OPEN
Given $a_{i}^n\in [-1,1]$ for all $1\leq i\leq n<\infty$ we define $p_{i}^n$ as the unique polynomial of degree $n-1$ such that $p_{i}^n(a_{i}^n)=1$ and $p_{i}^n(a_{i'}^n)=0$ if $1\leq i'\leq n$ with $i\neq i'$. We similarly define $\mathcal{L}^nf(x) = \sum_{1\leq i\leq n}f(a_i^n)p_i^n(x),$ the unique polynomial of degree $n-1$ which agrees with $f$ on $a_i^n$ for $1\leq i\leq n$.

Is there such a sequence of $a_i^n$ such that for every continuous $f:[-1,1]\to \mathbb{R}$ there exists some $x\in [-1,1]$ where $\limsup_{n\to \infty} \sum_{1\leq i\leq n}\lvert p_{i}^n(x)\rvert=\infty$ and yet $\mathcal{L}^nf(x) \to f(x)?$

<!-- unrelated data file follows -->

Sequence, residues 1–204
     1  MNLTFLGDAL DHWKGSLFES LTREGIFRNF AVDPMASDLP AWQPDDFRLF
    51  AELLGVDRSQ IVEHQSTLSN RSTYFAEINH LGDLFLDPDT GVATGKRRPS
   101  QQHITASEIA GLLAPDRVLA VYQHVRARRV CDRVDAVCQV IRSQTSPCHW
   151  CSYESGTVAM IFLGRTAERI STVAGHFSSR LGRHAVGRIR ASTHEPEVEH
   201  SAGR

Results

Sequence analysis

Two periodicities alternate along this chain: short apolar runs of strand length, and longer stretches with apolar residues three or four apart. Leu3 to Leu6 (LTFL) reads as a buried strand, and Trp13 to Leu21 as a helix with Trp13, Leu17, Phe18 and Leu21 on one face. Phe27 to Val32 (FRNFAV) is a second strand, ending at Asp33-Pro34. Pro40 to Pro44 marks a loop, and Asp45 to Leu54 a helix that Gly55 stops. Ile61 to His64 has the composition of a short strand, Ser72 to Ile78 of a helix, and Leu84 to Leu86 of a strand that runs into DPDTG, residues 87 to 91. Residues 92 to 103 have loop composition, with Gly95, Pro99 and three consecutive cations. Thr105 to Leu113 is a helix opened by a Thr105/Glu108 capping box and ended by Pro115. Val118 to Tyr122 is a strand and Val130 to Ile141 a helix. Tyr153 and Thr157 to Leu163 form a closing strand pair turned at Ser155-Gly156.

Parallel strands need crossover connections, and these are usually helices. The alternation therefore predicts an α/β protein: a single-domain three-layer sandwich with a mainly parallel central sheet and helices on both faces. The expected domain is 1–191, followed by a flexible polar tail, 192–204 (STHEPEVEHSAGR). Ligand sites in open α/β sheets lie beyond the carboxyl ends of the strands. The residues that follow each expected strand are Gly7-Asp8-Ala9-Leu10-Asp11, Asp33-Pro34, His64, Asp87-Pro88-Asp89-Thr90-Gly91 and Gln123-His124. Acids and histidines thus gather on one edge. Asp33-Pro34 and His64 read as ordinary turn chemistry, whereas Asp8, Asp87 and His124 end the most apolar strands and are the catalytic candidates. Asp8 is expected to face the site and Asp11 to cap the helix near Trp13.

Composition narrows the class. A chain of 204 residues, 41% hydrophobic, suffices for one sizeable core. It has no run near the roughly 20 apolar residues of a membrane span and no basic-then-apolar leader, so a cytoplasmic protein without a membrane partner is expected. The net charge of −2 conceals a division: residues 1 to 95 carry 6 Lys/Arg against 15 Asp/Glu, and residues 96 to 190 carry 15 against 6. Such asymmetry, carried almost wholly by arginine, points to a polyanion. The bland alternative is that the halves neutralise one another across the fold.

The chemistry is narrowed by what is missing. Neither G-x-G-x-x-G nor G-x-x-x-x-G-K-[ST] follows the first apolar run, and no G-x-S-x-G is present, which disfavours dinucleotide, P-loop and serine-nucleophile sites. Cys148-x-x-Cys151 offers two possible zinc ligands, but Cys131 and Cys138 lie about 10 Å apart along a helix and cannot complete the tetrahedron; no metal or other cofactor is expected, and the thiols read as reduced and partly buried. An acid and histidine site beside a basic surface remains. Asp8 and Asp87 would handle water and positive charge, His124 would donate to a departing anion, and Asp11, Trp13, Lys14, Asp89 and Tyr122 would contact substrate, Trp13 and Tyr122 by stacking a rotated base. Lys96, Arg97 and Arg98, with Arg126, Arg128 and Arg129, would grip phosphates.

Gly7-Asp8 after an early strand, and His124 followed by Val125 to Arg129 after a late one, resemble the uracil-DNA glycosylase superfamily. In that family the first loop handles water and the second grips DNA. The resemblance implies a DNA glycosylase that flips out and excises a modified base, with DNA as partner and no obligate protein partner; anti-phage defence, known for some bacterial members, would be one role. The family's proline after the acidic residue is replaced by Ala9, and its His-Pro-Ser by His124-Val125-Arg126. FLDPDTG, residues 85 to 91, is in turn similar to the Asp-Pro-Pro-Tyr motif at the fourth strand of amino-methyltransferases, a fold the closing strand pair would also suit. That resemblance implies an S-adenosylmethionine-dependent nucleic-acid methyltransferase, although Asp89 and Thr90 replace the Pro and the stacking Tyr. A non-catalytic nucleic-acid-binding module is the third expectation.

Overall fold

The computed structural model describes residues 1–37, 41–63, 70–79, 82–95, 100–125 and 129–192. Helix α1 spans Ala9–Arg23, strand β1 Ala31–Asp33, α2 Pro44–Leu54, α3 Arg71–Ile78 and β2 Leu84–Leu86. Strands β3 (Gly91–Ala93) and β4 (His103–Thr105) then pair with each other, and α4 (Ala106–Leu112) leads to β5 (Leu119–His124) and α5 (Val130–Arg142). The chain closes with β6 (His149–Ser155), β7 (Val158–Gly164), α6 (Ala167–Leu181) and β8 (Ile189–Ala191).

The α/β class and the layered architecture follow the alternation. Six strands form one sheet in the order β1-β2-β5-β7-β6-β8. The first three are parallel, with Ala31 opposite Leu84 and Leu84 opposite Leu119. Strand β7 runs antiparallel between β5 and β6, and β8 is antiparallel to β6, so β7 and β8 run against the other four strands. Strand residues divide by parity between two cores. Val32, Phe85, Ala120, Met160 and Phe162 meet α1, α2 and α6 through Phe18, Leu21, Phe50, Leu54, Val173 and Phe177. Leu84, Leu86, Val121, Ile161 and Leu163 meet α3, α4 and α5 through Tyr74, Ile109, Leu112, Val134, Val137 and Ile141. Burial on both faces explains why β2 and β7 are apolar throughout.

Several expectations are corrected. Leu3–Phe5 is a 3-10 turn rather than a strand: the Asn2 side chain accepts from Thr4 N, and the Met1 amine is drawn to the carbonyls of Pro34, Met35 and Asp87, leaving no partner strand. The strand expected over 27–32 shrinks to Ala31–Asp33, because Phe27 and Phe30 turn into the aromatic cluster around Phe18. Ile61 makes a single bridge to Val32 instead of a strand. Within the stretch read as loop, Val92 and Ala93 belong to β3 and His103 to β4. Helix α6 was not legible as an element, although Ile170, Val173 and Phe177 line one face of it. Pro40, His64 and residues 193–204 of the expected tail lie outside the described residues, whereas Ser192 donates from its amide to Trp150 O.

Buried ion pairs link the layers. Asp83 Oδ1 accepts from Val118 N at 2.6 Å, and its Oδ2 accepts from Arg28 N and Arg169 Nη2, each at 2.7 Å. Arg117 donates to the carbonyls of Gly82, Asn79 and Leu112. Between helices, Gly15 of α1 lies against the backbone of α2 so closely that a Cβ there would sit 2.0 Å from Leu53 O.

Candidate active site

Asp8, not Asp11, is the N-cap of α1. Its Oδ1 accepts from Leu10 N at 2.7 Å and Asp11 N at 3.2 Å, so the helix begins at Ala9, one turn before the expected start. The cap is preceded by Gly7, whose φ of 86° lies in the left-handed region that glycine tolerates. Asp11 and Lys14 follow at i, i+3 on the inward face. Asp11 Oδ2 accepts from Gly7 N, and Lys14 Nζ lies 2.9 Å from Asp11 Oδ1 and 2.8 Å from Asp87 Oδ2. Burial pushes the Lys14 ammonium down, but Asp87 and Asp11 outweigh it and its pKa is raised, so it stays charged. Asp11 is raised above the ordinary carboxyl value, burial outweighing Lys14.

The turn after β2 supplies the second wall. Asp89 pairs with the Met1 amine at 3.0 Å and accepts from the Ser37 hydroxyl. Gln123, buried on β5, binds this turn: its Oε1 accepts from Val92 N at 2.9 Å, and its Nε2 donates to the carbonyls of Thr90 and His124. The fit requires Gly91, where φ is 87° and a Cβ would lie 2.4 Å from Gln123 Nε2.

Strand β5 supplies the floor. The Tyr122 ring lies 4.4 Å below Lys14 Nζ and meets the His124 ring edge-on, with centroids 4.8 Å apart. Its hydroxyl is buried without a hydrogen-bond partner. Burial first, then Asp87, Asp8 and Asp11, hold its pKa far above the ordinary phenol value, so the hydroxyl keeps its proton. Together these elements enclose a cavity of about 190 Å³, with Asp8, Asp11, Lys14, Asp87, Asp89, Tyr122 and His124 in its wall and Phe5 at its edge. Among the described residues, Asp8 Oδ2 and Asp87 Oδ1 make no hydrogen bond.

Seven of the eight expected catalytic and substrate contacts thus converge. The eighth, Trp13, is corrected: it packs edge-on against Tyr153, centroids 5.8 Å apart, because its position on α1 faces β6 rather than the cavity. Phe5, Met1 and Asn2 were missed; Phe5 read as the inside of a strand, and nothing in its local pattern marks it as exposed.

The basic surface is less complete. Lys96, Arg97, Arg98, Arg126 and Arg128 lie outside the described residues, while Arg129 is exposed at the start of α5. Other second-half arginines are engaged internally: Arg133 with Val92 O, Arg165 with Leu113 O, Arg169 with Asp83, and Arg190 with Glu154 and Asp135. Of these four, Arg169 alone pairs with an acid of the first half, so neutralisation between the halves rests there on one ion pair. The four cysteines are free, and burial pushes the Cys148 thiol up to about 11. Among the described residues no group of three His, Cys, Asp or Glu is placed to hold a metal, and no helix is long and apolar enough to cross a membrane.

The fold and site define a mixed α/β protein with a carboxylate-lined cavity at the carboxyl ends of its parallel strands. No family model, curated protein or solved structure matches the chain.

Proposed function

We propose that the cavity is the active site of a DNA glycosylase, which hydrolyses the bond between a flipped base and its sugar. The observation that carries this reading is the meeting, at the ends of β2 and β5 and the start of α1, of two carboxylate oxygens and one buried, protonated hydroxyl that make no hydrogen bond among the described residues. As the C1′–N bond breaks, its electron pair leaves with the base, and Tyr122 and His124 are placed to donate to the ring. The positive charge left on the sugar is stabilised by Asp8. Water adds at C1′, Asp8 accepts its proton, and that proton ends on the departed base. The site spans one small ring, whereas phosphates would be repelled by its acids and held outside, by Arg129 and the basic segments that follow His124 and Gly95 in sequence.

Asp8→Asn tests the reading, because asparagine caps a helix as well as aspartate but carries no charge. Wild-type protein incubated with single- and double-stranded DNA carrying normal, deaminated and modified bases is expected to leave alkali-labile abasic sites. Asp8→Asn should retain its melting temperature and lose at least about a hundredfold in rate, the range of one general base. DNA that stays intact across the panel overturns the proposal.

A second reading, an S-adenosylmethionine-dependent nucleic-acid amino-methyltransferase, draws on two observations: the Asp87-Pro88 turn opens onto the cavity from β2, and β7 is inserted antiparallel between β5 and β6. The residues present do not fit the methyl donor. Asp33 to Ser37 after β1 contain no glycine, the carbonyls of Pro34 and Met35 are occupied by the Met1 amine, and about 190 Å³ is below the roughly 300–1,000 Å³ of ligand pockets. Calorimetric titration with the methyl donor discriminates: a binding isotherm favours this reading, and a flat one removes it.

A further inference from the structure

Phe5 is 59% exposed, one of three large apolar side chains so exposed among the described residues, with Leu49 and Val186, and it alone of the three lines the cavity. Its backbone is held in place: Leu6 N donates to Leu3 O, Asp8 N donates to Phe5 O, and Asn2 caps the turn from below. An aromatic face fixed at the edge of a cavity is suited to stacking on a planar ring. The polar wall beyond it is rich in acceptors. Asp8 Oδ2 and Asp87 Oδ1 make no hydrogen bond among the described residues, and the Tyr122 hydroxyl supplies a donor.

Bernstein [Be31] proved that for any choice of $a_i^n$ there exists $x_0\in [-1,1]$ such that $\limsup_{n\to \infty} \sum_{1\leq i\leq n}\lvert p_{i}^n(x)\rvert=\infty.$ Erdős and Vértesi [ErVe80] proved that for any choice of $a_i^n$ there exists a continuous $f:[-1,1]\to \mathbb{R}$ such that $\limsup_{n\to \infty} \lvert \mathcal{L}^nf(x)\rvert=\infty$ for almost all $x\in [-1,1]$.